Sandringham House lies midway between Hunstanton and King's Lynn, 1km east of the A149 and c 3km from the coastline of the Wash. It stands in a densely wooded coastal landscape, to the north-west of the estate village of West Newton, surrounded to north, east, and south by extensive plantation woodlands. The land to the south-east beyond West Newton village, and away from the sea, is a more open farmed landscape. A high carstone wall surrounds the park, running from the gate beside the church in the north, around the east boundary as far as the kennels south of York Cottage. For much of the remainder the boundary is marked by a low carstone wall topped with iron railings. Together these enclose a site of c 125ha, of which c 20ha is garden. The grounds both in the gardens and the park are gently undulating with a fall from north-west to south-east and to the south, reflecting the topography of the surrounding land. Views into and out of the gardens are restricted by dense shrubberies planted along the eastern and northern boundaries. From the west terrace of the House, a gap in the planting opens onto a vista through the surrounding woodlands towards the coast, and another looked south-west into the park (now restricted by a hedge). The main panoramic view into the park from the gardens is seen from the west bank of Lower Lake. From Sandringham church is a fine view south over the park to West Newton church beyond the boundary, and another south-east towards an ornamented water tower on high ground c 500m outside the park boundary.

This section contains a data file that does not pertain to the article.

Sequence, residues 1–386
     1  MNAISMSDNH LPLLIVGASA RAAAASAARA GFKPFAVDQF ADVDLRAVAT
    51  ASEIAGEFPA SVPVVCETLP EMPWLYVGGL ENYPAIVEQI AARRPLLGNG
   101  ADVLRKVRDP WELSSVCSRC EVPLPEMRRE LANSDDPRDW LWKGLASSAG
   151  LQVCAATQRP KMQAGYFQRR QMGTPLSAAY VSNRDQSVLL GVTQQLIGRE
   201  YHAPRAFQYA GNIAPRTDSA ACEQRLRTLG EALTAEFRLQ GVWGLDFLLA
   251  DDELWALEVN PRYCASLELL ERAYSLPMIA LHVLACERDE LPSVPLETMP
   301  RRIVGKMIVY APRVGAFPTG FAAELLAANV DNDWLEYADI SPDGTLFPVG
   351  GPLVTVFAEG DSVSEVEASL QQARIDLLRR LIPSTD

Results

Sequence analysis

ENTRANCES AND APPROACHES
Sandringham has a number of lodged entrances, all of mid to late C19 origin and built of carstone blocks with cream brick dressings under tile roofs. Double Lodge lies on the western boundary, its drive running north-east through the plantation woodlands and the open park to meet the Old Norwich Gates between the Upper and Lower Lakes, 100m to the south of the House. South Lodge and the Thatch Lodge lie just north of West Newton village with drives that enter the south end of the gardens and pass York Cottage before running north to the east front of Sandringham House. The drive at the Jubilee Gates and Lodge, 300m east-south-east of House joins the South Lodge/Thatch Lodge drive beside the Museum, 180m to the east of the House.